Eternal River, Volume III: Introduction

Eternal River, Volume III: The Next Thirty Years


They say you need to know what your book is about before you start writing. That helps you make decisions along the way—what to leave out, what to include.

When I started this series, it was about choices. My great grandfather Gong changed hundreds of people’s lives in 1874. When he decided to come to Gum San (Gold Mountain), newspapers were already crying out against the Yellow Horde. Yet he came. He felt he had to. Someone needed to stop the poverty that was killing the clan.

Eternal River I was the joining of the rivers of my parents’ lives. Eternal River II was the choices they made as they reared their children. Eternal River III is thirty years of choices, with the invention and development of microcurrent taking up nearly half the book.

I was happily combing years of interviews and memories into a shared narrative, so glad to be hearing the voices of my parents and husband once more. It has been nearly three years since Dennis and Daddy died just two weeks apart, and over nine that I’ve been without my mom. Writing this book was like having them here with me once more, with all the events of that electrifying adventure fresh in my memory.

I was telling their stories, sharing my insights into who they were and what we did together. I was almost done. I aimed at a publication date of July 22, 2012, my father’s birthday. He would have been ninety-seven. Then my friend Dan decided to digitize some old Hi-8 video tapes for me. To my surprise and delight, among them were seminars with my dad and his friend Dr. Hadden Pace, and interviews with my parents, Dr. Jack Scott, and Daddy’s dear friend, Dr. George J. Goodheart.

I couldn’t leave those out. When Daddy and I worked on this book, he had told me the story of microcurrent, but never even mentioned such things as the Phaser, the Freedom Micro Pro, microcurrent interferential with its brilliant dimensional probes, or even the newer models of the machines. Now here were the exact pieces I needed. Then I set out to find dates, and realized my own compilation of stories was a terrible mess. I received help from the Museum of History and Art in Ontario, and the Pomona Historical Society. Daddy had given them almost all of his memorabilia. They, too, supplied missing pieces. Then I came home and tried to put everything in order.

This is the first book I’ve written without being able to call my dad up and ask him questions. Transcriptions of his lectures and documents left me panting, harkening back to the old days when I struggled with concepts he was trying to share with his readers of professional journals. Somehow I had to make his convoluted thinking straightforward and intelligible to the layman—and he was not here to ask. Though I read and reread his words, I wasn’t certain I knew what he was trying to convey, and I was afraid to change the sentences lest I disturb or destroy their true meaning. I found myself walking around the house saying, “What did you mean, Daddy? I don’t understand.” Since I dare not confuse the meaning in my father’s explanations, I have left them untouched for those who can understand, and thereby benefit from them.

But back to knowing what the book is about.

When Dan found all those tapes, I started seeing the book as an accurate establishment of my dad’s inventions in the historical record. So many people have claimed they invented microcurrent, the “Q” cotton swab electrode, the Tsunami Wave. I wanted to present the chronology and dispel myths, claims, and conjectures. But I am not good in organization. Some of the dates seem contradictory. Some of the accounts appear to be different, but might really be the same incidents with different information about them. There were no records to check, and no one to ask. How could I publish a book that was confusing in just the areas I wanted to make so clear? Alas! I am the disorganized daughter. I was overwhelmed.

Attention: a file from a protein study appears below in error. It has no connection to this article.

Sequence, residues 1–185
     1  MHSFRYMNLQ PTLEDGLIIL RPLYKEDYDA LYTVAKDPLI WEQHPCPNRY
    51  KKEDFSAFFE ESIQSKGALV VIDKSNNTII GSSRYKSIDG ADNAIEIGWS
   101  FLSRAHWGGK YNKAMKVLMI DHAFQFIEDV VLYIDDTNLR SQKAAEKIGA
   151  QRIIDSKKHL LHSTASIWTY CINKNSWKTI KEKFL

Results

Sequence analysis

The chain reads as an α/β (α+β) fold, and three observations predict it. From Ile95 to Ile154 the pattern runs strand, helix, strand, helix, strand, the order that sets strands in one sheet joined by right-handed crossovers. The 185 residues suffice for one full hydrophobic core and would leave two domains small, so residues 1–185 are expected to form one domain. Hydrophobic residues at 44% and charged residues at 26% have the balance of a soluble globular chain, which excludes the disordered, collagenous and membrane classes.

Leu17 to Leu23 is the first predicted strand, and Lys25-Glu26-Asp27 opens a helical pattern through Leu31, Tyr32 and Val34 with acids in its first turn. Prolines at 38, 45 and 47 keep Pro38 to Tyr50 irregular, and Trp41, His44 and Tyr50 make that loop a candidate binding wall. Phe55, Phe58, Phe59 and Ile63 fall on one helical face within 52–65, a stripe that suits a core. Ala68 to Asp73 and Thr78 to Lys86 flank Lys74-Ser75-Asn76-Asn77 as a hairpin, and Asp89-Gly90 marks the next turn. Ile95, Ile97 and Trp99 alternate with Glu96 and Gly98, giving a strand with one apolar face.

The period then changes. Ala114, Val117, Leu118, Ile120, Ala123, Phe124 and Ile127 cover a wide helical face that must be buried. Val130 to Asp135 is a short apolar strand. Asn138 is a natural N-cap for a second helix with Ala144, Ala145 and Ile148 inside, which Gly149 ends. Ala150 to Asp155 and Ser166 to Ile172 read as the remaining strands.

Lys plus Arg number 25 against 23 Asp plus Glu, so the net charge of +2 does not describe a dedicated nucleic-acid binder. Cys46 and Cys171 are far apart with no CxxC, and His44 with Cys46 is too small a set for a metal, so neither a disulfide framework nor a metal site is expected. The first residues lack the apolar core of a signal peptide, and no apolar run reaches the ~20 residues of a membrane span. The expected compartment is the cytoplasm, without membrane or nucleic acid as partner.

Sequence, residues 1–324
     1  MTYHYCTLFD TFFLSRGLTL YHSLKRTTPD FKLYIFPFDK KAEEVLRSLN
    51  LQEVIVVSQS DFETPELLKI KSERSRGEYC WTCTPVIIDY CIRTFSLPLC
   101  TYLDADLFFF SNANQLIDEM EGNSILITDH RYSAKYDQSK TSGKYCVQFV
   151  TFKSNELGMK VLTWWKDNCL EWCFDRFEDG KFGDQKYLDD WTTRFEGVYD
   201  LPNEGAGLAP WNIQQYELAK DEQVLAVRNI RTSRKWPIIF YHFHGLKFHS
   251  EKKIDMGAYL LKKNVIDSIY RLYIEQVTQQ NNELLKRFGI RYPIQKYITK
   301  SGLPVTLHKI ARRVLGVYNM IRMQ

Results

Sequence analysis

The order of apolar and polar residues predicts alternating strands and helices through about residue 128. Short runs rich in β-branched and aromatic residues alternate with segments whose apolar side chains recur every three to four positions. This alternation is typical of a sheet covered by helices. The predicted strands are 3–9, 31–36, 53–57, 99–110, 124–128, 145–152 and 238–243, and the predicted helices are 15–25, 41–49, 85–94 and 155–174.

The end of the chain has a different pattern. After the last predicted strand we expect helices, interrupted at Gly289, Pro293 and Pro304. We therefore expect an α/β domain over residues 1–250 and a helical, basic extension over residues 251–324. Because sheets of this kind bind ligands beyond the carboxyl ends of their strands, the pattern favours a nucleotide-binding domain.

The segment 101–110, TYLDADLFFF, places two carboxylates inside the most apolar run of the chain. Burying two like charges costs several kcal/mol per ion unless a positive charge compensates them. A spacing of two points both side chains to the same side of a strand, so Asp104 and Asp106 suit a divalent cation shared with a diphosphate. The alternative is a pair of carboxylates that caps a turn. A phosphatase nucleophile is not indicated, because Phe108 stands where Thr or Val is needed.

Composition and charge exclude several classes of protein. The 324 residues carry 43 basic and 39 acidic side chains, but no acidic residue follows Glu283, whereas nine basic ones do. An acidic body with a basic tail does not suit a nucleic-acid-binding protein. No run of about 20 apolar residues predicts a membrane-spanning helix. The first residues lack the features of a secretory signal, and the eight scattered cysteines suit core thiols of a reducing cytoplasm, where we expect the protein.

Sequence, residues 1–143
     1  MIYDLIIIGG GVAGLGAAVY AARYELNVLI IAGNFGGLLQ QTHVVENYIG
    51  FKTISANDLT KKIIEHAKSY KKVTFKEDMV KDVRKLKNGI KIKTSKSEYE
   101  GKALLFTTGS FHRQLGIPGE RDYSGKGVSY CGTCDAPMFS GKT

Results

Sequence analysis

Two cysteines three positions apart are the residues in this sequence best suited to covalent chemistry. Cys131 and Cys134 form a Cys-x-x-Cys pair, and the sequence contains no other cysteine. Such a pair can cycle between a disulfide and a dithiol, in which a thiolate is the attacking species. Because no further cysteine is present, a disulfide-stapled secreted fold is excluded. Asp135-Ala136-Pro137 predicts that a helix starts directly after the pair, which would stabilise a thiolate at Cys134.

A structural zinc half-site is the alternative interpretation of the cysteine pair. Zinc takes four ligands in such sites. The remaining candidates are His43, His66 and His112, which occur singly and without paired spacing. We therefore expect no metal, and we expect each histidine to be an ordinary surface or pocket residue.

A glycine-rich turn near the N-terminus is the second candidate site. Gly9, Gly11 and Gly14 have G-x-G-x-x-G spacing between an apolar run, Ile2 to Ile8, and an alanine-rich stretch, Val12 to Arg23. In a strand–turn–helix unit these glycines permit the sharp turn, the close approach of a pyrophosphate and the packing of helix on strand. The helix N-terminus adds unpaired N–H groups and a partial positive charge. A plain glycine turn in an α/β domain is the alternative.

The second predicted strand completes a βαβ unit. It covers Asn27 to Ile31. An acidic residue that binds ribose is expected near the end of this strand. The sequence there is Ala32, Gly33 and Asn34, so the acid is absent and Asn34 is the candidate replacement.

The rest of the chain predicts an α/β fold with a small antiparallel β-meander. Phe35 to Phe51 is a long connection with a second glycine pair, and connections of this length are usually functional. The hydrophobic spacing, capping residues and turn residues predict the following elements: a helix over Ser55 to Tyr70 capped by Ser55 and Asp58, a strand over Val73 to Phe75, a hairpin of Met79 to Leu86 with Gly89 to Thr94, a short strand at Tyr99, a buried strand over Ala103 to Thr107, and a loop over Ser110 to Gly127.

Then I realized the truth of the matter. This book is not about microcurrent. I made the decision to forget about trying to prove anything. This is an account of my parents’ choices. I wanted to share who they were at home, at work, in their travels. I wanted to share the strange inevitability of the microcurrent adventure that was such a marvel to my dad as it unfolded in surprising ways. I wanted to share the voices of people who enriched and influenced their lives, and who were influenced and enriched in return. And I wanted to share my daughter-understanding of two human beings who were able to do what they did because of their choices based on who they were, and the Divine Guidance that they came to trust and enjoy.

There was one more missing piece. Me. I was going to make the book all about them, but that would have been an inaccurate presentation of those thirty years. They were the gong, the deep river, but I was their tributary, my waters flowing from their source. What I chose to do affected my interaction with them, and their choices towards me influenced how my tributary ran. We could not have done what we did if we had not had each other.

Finally, this book is about story, and how the hearing and telling can heal and give us the courage to continue on. That’s what I’m praying for all those who read this account of our Eternal River, following its flowing through its next thirty years.

Carolyn Wing Greenlee
Kelseyville, California
August 31, 2013

P.S. Some passages of the book are exceedingly technical. I included them for those who want to experience how my father’s inventive mind worked. If you’re not one of those people, just skip those parts. Or brave them, like rapids in the river that can shake up your brain. That way, you won’t miss any of this remarkable story.

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